Damage Liability, up to the limit of your liability.
           5- Medical payments or Personal Injury Protection (PIP): Covers you,
              the members of your household and your passengers for medical
              expenses resulting from an automobile accident, regardless of who
              is at fault. Usually limited to $5,000 - $10,000 in most policies.
           6- Uninsured motorist: Bodily injury: Protects you and occupants of a
              covered vehicle in an accident in which the owner or operator of a
              motor vehicle who is legally liable does not have insurance.
           The combination is determined by the state in which you reside. Check
           your minimum states requirements
There are few factors which decide the insurance rate :

   •   New or Old Car: New car insurance is normally higher than an old car.

    •   Safety features: Cars with extra safety features like ABS system get
        comparatively low rates.
    •   Your driving experience: If you have a fairly good driving experience, you
        should get good rates.

    Average rates for a new driver is around 600-700$ for first six months. It again
    depends on the company agent and the deal you make with them.
    Rate varies from company to company. Normally it is higher for initial six
    months. After that depending on your driving record and accident history, it
    may come down or go up.

How to Save on Car Insurance

1- Compare and shop around: Most people are aware that the insurance industry
is highly regulated. However, few are aware that each company determines its own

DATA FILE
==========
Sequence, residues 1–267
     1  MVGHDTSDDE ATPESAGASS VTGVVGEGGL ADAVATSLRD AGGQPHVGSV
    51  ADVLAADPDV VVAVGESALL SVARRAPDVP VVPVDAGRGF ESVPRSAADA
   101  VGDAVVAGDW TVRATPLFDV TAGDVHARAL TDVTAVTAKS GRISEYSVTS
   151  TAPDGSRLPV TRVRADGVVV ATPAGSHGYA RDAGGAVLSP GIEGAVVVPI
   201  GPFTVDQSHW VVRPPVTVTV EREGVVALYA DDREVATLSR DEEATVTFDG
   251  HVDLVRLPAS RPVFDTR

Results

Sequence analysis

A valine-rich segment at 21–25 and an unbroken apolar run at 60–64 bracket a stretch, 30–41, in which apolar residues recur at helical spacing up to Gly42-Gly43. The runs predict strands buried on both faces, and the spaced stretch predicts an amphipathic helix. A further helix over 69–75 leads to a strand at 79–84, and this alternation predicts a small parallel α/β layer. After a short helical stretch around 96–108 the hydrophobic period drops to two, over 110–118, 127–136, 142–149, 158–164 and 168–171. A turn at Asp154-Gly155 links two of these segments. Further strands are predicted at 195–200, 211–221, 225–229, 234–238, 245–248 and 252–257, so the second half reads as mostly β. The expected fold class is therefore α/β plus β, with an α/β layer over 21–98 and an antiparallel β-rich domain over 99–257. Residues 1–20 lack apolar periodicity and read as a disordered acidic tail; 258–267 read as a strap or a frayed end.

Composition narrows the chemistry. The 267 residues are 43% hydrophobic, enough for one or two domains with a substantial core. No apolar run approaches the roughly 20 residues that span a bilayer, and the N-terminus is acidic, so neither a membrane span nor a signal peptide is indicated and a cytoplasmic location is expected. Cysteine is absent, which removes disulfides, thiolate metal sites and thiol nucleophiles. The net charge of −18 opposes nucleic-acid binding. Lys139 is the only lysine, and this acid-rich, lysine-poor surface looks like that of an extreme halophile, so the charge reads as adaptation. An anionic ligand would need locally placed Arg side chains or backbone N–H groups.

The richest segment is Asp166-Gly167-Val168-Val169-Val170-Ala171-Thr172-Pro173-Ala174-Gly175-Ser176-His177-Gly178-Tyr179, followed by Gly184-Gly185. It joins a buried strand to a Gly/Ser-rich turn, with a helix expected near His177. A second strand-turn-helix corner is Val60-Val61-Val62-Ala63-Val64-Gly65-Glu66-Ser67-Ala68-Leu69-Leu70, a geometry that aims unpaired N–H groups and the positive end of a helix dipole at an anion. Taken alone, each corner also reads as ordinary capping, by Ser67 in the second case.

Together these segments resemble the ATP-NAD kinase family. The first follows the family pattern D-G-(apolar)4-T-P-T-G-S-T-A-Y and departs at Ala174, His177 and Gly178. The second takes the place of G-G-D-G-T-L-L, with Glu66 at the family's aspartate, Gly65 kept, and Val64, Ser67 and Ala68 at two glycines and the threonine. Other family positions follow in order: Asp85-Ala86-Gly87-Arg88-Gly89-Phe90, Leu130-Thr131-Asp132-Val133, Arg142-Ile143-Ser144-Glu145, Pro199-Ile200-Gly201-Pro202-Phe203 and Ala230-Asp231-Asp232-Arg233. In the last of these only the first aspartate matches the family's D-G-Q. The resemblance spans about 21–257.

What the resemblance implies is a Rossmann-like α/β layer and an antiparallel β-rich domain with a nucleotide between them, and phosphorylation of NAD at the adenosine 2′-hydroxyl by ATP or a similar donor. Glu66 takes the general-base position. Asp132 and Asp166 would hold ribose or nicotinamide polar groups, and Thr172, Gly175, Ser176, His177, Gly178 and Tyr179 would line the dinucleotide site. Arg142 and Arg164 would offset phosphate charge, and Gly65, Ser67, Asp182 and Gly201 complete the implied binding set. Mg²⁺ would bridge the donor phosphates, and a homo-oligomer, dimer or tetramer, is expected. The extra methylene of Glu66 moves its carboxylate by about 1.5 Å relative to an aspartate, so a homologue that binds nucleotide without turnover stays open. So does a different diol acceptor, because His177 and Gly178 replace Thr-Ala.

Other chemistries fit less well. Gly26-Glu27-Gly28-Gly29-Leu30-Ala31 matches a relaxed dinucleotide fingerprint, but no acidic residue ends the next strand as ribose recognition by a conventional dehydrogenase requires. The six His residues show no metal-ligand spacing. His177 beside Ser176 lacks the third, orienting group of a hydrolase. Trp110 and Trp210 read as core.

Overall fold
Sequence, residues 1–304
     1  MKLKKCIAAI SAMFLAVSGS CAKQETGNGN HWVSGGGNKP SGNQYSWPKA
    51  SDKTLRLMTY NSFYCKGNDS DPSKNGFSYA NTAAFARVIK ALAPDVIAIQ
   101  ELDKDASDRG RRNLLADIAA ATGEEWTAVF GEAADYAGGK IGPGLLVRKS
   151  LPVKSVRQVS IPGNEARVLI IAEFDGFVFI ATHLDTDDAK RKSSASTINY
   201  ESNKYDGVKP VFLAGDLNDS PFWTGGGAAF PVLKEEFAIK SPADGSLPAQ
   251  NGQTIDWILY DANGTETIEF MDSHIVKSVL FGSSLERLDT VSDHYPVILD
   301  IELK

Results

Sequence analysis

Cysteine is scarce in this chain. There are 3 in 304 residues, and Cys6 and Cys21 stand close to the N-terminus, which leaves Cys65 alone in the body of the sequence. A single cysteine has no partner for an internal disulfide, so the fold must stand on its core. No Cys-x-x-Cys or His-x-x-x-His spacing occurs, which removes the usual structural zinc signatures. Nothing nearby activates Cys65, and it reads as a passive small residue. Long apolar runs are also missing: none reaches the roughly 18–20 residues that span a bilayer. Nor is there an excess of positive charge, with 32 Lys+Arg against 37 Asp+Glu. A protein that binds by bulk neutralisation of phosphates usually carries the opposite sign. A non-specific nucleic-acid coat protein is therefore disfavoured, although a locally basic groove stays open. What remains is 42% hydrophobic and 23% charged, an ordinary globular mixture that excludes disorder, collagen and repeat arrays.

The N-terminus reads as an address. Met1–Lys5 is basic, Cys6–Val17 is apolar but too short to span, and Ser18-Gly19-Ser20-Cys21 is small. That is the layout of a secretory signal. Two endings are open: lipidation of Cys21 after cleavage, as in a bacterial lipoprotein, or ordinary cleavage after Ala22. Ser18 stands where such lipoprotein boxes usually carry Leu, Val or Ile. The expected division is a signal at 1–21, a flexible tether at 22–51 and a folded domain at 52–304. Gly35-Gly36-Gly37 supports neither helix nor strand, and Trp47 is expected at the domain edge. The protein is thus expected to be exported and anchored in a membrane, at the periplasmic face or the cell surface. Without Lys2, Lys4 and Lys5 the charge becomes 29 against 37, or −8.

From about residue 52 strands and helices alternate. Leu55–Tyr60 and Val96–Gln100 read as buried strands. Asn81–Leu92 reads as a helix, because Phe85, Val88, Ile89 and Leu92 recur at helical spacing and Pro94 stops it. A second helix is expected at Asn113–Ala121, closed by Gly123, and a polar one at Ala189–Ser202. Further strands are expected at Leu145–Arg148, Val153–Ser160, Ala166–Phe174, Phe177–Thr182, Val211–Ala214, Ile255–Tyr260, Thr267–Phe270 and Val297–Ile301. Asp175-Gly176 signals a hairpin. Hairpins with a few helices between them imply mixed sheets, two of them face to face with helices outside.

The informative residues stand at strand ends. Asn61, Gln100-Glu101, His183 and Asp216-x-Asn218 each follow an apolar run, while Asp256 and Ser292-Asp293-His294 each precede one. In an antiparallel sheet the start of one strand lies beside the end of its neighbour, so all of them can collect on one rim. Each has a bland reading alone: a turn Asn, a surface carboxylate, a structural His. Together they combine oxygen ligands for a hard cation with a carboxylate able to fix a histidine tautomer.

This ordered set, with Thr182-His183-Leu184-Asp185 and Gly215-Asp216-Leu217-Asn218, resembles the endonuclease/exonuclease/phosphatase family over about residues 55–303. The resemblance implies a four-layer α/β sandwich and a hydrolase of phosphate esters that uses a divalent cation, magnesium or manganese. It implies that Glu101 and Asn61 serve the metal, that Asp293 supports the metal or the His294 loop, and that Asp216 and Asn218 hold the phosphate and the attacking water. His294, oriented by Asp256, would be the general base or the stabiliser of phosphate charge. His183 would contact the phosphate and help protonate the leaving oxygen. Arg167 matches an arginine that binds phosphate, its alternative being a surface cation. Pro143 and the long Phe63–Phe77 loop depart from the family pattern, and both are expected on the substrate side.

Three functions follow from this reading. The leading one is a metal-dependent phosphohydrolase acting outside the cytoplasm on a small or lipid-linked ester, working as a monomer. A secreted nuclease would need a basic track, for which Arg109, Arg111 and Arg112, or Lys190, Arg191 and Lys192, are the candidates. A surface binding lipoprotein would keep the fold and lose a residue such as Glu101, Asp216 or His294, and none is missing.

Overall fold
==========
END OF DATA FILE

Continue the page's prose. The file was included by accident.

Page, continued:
policy rates based on their own unique set of criteria (in most states). The result is
insurance prices for the same coverage that can vary by hundreds of dollars.
The best place to compare different rates is online, as it is far less time consuming
than calling from agent to agent for quotes. There are internet sites that will provide
you with several comparison rates from highly rated insurance companies like ,

2- Raise deductibles: deductibles are the amount of money you are paying from
your own pocket before the insurance company starts paying. For example, if you
have a deductible of $200 means that you pay the first $200 from your own pocket,
and after $200 the insurance company pays the rest. Requesting higher deductibles
on collision and comprehensive coverage can lower your insurance costs
substantially. Raising your deductible from $200 to $500 could result in a reduction
in these premiums by 15% to 30%.

3- Take advantage of discounts: There are several discounts that insurance
companies offer provided you meet certain requirements. Never assume that you
are receiving these discounts. Determine which ones you feel apply to you and then
contact your agent to determine if you qualify and always ask for the discounts.

Common discounts:

A- More than 1 car on the same policy

B- No accidents in 3 years

C- No violations in 3 Years

D- Anti theft device(s)

E- Low annual mileage driven

G- Vehicle equipped with air bag(s). Passenger side air bag became a must at 1995
  models and up.

H- Vehicle equipped with anti-lock brakes

I- College students living away from home without a car

         Useful Tips

   •   Talk to 2-3 insurance company agents. Make a comparative study of the
       **Remember, there is scope for bargaining every where.
   •   Take your insurance before going to the car dealer, as without insurance,
       you can't buy a car, and taking insurance at the dealer’s place could be
   •   Make a note of your car insurance agents contact information. Keep it in
       your wallet; you might need it at any time.